Passion. Purpose. Pride. The three words that underpin the UEFA People project could scarcely be more apt in terms of describing the feelings of UEFA staff whose work is dedicated to the growth of European football.

Roles at UEFA are incredibly varied, and the generic job title simply does not exist any more. We have delved into some of UEFA’s more unusual roles, asking staff what exactly they do and why they love their work. Today, we bring you marketing manager Noel Mooney, who tells us what it takes to support 55 national associations on a day-to-day basis.

What do you do, why do you love it and what attracted you to the role in the first place?

My name is Noel Mooney and I come from Ireland, where I used to be a professional player before I devoted my life to growing our beautiful game. I began by managing the marketing function at my club, and then I worked for the Football Association of Ireland for five years, before the opportunity arose to support the growth of football across Europe and beyond.

I arrived at UEFA in 2011 in a newly created role, with UEFA shifting its focus from the organisation of its own marketing activities to the provision of support to the national associations. I guess we had a relatively blank canvas, so we could listen carefully to what the game wanted and needed, before painting a picture of what UEFA and our national associations could look like in the future. We have evolved relatively quickly, with our national associations’ huge demand for vision and leadership resulting in the creation of the GROW 2020 programme. That programme is designed to support all of our member associations by ensuring that they have a clear plan to grow football in their respective countries, with the right objectives, structures and resources. Critically, we ensure that the associations’ presidents and general secretaries will be part of the process by confirming that they really want it before we start delivering the programme. We present each association with independent research to give them a clear picture of the public’s views on key aspects of football in their country. This enables them to adapt their planning and behaviour accordingly and increase football’s appeal. We help all national associations to establish digital marketing strategies and embrace the digital revolution, thereby allowing them to speak directly to their respective football families and encourage new people to get involved in the game. We help national associations to write clear participation growth plans for both genders at every age level and facilitate the establishment of support structures to help them to achieve their goals and see in real time if they are feasible.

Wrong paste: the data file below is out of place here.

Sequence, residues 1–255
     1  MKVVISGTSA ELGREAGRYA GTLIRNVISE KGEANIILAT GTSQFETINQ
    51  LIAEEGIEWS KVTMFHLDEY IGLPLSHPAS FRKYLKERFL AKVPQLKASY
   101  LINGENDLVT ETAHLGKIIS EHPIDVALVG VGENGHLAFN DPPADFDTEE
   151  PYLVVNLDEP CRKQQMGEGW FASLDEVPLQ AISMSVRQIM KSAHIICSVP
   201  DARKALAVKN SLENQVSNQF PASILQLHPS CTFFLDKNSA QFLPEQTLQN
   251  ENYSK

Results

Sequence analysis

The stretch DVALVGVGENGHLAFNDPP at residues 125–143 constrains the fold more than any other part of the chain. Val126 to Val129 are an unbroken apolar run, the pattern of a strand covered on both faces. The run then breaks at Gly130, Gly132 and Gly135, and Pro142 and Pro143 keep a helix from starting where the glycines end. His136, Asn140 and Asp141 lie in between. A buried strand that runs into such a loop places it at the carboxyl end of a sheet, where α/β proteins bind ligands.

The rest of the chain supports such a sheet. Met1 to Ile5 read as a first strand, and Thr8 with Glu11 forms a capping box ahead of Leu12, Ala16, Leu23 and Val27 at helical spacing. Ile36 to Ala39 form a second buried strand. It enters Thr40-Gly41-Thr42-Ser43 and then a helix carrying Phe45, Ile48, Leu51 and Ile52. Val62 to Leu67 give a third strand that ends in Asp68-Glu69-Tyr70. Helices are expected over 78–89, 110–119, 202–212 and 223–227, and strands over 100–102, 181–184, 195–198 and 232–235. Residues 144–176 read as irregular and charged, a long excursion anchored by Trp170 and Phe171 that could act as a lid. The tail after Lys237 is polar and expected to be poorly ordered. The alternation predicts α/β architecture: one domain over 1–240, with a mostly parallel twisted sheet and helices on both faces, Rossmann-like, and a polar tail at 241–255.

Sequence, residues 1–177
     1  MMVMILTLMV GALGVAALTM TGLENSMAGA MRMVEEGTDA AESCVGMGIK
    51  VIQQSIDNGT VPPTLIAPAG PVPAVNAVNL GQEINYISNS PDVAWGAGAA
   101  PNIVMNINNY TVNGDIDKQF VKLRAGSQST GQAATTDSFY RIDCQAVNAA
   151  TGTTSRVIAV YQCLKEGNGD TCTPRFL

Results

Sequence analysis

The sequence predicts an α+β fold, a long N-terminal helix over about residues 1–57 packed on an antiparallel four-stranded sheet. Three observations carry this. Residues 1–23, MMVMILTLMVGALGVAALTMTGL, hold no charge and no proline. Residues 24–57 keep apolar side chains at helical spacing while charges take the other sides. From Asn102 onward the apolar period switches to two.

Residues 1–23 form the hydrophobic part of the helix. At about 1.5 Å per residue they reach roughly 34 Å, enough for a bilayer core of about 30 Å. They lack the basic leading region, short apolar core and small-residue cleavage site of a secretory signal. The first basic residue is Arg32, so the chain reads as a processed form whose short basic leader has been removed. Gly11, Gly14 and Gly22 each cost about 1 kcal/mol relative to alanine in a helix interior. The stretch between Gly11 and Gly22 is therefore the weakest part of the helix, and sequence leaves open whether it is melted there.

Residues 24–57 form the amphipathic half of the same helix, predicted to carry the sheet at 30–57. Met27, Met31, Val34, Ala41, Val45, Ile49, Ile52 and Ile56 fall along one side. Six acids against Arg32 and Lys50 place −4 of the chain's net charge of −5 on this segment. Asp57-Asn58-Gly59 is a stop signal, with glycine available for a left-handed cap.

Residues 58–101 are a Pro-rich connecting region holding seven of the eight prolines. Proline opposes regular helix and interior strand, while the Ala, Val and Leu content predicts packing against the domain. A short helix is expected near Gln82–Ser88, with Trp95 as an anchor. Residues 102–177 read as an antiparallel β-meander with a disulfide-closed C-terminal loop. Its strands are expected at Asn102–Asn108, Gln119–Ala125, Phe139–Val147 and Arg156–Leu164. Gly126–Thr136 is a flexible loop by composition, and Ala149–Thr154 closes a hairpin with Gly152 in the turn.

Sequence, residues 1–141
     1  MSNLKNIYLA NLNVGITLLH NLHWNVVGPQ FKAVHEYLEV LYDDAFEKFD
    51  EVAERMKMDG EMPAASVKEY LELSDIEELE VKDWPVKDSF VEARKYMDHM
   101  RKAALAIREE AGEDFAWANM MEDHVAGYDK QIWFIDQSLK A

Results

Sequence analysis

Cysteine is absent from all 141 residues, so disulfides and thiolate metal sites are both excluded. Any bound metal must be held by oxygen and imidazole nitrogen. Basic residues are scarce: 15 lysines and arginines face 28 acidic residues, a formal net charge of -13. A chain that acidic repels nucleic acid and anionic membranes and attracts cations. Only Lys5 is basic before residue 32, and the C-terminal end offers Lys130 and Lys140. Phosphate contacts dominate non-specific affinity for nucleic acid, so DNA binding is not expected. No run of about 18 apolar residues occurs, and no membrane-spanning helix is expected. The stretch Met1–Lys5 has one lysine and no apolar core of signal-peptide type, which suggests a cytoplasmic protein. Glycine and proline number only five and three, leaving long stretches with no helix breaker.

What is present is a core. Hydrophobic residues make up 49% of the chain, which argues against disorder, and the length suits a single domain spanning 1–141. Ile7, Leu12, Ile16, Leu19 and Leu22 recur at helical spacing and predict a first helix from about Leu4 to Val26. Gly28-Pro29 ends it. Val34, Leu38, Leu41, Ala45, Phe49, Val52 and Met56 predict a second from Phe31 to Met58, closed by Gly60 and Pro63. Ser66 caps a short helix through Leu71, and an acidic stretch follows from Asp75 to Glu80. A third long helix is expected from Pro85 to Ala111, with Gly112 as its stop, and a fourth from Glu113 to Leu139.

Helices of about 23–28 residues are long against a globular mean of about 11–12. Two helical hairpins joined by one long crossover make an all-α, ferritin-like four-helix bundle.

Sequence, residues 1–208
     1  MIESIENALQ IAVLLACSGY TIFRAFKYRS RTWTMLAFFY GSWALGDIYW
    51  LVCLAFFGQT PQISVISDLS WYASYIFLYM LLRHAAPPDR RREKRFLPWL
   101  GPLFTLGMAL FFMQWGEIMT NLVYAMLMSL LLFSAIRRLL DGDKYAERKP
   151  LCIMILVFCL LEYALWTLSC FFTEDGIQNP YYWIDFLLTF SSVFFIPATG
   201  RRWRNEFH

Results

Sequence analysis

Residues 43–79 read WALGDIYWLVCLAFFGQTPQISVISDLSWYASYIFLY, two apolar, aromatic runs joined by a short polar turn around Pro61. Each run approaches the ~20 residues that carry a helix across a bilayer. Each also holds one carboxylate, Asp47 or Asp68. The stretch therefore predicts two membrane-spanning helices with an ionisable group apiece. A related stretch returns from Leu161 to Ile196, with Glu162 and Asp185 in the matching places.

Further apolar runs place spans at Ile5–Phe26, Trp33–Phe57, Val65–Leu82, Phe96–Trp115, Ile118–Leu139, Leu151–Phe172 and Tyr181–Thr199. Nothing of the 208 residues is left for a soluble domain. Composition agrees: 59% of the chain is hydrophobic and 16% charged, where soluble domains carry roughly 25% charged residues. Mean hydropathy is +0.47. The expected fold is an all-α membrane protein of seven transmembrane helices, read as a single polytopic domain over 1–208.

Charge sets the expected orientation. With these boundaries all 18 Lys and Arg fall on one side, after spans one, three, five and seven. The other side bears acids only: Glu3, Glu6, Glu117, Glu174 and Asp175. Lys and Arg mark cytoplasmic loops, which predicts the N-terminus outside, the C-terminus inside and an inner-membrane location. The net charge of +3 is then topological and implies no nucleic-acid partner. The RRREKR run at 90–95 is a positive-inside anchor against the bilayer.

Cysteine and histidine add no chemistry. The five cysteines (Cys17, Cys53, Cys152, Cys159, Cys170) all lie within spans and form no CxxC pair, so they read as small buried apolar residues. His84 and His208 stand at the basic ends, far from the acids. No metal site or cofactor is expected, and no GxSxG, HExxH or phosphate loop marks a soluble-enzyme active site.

“I love this role precisely because it goes right to the heart of growing the game that I fell in love with as a boy.”

 

In addition, we support the development of commercial plans with a view to improving the funding of national associations’ operations and programmes. More than 20 national associations are already taking part in the GROW 2020 programme, and many more are in the process of signing up to work with UEFA on this major project. GROW 2020 already needs to evolve, such is the pace of change in marketing terms, and we are committed to achieving this as soon as possible so that we can continue to deliver a world-class service to our national associations.

We also write a number of manuals for the national associations, such as our flagship National Association Guide to Marketing. That guide took four years to write, but we are very proud of it and delighted with the outcome. National associations are forever asking questions on material in the guide, so they are clearly engaging with it.

I love this role precisely because it goes right to the heart of growing the game that I fell in love with as a boy. We deal with fundamental issues, such as the sport’s image, how we use digital content to connect better with more people, how we get more people to play football and for longer, and how we generate the resources required to fund the necessary improvements. The UEFA General Secretary ad interim, Theodore Theodoridis, has always been a major supporter of our work, and it is important to know that the person at the head of the organisation believes in our ability to grow football. The diverse nature of the role means that I need an equally wide range of skills, and UEFA has supported me in my professional development – e.g. by allowing me to study for an Executive Master in European Sport Governance (MESGO) – so that I am better equipped to deal with the various demands of my role.